In terms of Law 160 of 1994, individuals who have acquired land through the granting of areas previously owned by the state can integrate co-operatives. Under Colombian law co-operatives are organisations initially created by Law 454 of 1998, which consist of private law legal persons whose activities are for social interest and are non-profit. Under the 1998 law, a co-operative works as a voluntary association of workers who decide to make a financial contribution to the organisation by performing their respective economic activity, with the purpose of satisfying the common needs and goals of the association. In the case of agricultural co-operatives, the objective is to conclude supply contracts with companies dedicated to the distribution of agricultural products. However, co-operatives contemplated under Law 160 of 1994 must comply with the condition that members of the co-operative own equity in the distribution companies, by allocating at least 10 per cent of their annual income to the subscription of shares. This ensures that small-scale farmers do not exaggerate sale prices, and also decreases the likelihood of the farmers buying products at paltry prices, when they also act as owners of the distribution companies.
The number of co-operatives in Colombia is increasing fast. In fact, according to the Confederation of Co-operatives of Colombia almost 800 agricultural co-operatives are now functioning in the country, with more than 140 000 members1. In addition, approximately 10 000 jobs were created as a result of these co-operatives. However, most seem to be made up of milk and coffee producers (indicating that other products are not as popular) and as a result are concentrated in areas where the production of coffee and milk is prevalent. Most of the co-operatives would be classified as medium or small, with only a few large agricultural co-operatives in the country. But these growing figures indicate that collaborative work among small-scale farmers is gaining acceptance./p>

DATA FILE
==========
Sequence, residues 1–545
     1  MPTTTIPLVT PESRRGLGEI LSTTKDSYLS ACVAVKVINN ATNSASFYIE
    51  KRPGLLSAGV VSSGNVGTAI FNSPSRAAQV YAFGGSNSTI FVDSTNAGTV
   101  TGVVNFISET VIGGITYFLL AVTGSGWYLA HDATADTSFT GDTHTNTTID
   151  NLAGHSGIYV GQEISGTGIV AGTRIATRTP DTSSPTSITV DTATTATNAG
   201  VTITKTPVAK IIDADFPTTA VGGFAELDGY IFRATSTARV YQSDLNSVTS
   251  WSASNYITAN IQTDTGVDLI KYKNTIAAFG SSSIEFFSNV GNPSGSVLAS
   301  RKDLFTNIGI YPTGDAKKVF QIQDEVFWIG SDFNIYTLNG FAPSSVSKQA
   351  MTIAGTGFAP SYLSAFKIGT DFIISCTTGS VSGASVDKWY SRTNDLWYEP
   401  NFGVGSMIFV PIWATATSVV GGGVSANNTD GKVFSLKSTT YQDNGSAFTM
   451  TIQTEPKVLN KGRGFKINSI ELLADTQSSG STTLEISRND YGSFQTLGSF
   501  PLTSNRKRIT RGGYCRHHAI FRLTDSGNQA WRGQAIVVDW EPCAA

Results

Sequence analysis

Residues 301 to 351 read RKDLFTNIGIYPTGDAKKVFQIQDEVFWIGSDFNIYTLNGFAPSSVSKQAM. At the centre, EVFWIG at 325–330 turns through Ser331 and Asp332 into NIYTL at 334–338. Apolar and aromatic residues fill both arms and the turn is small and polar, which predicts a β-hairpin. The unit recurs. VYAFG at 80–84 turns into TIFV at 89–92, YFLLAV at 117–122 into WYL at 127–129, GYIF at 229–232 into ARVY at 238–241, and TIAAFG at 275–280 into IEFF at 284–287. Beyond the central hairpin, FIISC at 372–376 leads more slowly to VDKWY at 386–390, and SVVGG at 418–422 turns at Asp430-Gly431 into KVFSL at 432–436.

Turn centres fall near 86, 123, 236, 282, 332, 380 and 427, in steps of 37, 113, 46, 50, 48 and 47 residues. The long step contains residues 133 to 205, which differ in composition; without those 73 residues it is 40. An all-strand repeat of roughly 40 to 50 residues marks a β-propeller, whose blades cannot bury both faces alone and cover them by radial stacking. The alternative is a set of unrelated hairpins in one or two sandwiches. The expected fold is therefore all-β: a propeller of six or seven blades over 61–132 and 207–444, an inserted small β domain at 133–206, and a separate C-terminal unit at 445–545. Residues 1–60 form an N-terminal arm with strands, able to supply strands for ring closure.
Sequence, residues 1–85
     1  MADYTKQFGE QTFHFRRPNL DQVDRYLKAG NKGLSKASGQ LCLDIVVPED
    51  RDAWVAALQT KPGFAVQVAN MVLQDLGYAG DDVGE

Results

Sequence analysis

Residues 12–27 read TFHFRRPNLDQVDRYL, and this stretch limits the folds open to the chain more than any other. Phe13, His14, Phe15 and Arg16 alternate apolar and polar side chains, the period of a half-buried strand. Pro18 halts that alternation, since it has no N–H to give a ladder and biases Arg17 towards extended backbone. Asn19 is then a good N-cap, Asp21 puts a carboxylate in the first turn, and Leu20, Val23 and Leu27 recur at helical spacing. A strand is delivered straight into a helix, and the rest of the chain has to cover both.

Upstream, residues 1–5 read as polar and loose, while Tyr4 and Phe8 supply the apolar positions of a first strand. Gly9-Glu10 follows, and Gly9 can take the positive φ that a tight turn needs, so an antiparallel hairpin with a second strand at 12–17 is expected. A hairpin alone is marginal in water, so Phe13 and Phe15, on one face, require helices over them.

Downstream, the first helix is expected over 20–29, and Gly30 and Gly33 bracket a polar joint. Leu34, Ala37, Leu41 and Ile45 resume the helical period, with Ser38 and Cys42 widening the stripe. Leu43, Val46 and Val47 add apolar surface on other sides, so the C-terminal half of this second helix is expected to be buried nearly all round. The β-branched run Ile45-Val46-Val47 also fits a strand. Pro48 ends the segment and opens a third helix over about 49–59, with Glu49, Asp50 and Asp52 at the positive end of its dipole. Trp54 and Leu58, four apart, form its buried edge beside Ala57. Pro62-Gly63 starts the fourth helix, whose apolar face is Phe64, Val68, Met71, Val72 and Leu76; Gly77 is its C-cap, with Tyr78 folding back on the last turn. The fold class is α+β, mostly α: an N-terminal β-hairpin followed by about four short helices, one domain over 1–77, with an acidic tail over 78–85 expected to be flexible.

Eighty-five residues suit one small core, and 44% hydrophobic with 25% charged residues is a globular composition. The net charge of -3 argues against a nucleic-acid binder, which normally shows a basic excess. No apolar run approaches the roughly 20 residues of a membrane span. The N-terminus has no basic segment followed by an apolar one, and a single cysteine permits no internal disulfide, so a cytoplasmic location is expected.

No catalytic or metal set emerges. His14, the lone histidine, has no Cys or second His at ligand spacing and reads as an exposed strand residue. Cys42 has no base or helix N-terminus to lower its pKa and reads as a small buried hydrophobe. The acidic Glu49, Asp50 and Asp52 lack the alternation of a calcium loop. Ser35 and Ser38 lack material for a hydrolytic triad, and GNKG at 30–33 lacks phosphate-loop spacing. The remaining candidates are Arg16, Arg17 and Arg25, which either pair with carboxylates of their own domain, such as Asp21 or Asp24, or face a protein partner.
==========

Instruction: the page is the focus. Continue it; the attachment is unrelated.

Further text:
Small-scale farmers can also organise communitarian companies, in order to divide amongst themselves the gains or losses that result each year, in proportion to their contributions. A communitarian company works as an organisation where a number of people agree to contribute their labour, industry and services, to develop one or more rural properties for commercial gain. This includes the processing, commercialisation and marketing of agricultural products as well as the provision of services. Members of the organisation can also engage in other related activities if they are necessary to fulfill the purposes of the communitarian company.
The communitarian company has the objective of improving the standard of living of its members at an economic, cultural and social level and ensuring sustainable work and food security for each of its members. Members of the company are only liable up to the amount of their respective contributions, which means that their personal assets are protected from any breach or noncompliance of the communitarian company. This serves to protect the small-scale farmer, which helps strengthen their bargaining position.
Associations such as co-operatives and communitarian companies can also work together or even merge to grow and expand their influence. The possibility of this could create larger scale associative forms of working which tend to be more efficient. Both co-operatives and communitarian companies are specifically regulated by Law 454 of 1998, and are subject to the control exercised by a specific control entity.